An affordable housing venture in Africa named 14Trees has now leveraged the technology to produce the world's first 3D-printed school in Malawi, where students started taking their first lessons late last month.
It is designed in such a way that the students can now have their classes both inside and outside of the classroom. This is done for the students who don’t have the privilege to attend the school facilities.
As we've seen with other 3D-printed construction projects, the team uses a large extruder to form the walls of structures before the finishing touches, like windows, doors, roofing and various fittings, are added by skilled workers.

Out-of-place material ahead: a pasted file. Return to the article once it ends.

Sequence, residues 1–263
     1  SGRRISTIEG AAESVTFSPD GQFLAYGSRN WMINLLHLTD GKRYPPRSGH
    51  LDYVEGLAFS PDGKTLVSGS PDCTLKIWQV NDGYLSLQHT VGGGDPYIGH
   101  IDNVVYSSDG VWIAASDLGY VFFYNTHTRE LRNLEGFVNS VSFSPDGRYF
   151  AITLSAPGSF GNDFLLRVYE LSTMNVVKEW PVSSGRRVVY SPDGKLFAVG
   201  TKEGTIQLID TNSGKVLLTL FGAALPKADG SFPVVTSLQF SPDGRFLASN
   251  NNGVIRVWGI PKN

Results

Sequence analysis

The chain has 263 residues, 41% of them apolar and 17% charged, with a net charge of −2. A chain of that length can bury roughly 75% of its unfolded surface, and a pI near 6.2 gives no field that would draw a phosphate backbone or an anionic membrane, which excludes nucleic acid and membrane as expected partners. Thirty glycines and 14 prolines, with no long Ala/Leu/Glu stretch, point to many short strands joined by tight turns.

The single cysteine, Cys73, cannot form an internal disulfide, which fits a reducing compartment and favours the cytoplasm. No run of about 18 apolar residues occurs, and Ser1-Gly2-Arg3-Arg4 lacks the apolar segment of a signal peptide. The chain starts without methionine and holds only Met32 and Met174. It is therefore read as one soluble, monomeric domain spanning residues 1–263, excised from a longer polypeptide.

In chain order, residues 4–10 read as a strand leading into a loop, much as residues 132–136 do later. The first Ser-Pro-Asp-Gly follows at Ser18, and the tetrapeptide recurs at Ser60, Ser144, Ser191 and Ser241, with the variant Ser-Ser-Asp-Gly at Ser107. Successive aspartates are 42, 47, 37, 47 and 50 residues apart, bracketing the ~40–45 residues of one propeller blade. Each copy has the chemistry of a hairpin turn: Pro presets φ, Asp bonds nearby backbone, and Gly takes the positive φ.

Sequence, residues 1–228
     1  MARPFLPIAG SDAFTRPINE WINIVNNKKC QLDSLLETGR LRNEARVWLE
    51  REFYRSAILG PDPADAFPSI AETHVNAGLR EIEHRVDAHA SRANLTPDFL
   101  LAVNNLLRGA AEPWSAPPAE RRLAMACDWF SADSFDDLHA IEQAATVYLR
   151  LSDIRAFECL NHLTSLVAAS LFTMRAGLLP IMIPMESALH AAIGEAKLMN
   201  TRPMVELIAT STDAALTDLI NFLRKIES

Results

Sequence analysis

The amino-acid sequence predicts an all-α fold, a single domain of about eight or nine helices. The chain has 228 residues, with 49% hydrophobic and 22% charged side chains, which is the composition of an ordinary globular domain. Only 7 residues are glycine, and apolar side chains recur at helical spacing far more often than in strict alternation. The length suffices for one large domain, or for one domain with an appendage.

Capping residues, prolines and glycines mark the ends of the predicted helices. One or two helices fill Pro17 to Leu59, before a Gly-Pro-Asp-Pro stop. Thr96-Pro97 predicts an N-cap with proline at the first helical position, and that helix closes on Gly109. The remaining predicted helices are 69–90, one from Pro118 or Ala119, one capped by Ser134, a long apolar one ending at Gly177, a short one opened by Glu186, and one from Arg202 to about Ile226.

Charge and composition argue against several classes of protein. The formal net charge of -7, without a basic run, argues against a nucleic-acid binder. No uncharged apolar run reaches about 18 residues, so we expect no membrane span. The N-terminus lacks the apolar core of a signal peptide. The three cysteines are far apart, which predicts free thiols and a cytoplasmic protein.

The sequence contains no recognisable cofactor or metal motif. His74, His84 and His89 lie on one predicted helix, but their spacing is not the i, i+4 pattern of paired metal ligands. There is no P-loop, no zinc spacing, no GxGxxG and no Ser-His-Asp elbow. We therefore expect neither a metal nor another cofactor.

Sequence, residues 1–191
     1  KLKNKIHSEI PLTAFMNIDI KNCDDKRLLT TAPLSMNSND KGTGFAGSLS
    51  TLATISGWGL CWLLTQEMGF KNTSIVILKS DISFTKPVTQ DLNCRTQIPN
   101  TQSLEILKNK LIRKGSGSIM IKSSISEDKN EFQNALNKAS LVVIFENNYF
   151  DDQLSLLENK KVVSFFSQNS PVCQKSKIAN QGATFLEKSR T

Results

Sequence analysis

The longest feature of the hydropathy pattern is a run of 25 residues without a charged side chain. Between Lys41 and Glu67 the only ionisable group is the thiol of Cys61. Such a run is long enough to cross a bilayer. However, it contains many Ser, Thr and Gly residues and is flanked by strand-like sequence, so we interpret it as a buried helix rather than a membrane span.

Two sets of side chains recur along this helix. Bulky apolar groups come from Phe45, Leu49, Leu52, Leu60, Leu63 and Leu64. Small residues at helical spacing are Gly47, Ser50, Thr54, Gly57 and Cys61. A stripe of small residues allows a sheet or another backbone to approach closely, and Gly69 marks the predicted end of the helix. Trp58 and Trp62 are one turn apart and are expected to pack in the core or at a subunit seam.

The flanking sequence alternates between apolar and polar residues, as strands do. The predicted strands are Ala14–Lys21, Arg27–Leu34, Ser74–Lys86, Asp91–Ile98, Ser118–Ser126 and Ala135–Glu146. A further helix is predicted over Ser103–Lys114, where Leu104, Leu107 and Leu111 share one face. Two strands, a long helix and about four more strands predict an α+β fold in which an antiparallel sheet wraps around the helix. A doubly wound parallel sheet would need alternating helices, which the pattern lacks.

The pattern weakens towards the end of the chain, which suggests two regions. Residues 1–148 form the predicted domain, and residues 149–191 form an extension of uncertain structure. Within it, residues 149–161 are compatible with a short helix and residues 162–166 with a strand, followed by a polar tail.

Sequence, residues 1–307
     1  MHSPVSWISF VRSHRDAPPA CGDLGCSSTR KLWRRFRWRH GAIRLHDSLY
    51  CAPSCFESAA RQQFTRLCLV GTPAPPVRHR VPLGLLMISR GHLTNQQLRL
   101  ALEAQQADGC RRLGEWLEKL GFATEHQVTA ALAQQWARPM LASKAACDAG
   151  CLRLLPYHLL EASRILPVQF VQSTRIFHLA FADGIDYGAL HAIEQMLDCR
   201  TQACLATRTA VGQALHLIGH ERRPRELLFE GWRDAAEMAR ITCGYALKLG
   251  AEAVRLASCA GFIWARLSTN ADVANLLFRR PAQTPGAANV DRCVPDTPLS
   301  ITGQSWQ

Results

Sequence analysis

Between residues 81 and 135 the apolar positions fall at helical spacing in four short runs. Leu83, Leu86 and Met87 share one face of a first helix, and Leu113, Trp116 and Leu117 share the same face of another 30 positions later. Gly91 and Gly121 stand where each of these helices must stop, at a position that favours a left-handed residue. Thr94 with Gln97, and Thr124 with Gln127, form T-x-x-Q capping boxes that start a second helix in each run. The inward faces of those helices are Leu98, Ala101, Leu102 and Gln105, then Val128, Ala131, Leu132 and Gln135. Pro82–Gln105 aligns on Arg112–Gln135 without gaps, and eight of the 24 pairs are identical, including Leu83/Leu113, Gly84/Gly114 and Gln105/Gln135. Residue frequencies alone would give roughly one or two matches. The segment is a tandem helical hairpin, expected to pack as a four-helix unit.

Malawi has one of the world’s worst educational infrastructure, with an acute shortage of teachers and classrooms. According to an estimate by UNICEF, Malawi requires 36,000 new classrooms to cut the shortage. It is even said this might even take 70 years to get done.
However, 14Trees have said they can make this happen with 3D printing technology in a span of 10 years.
14Trees is a joint effort between the UK's CDC Group and construction multinational LafargeHolcim, and is looking to help address housing shortages in Africa.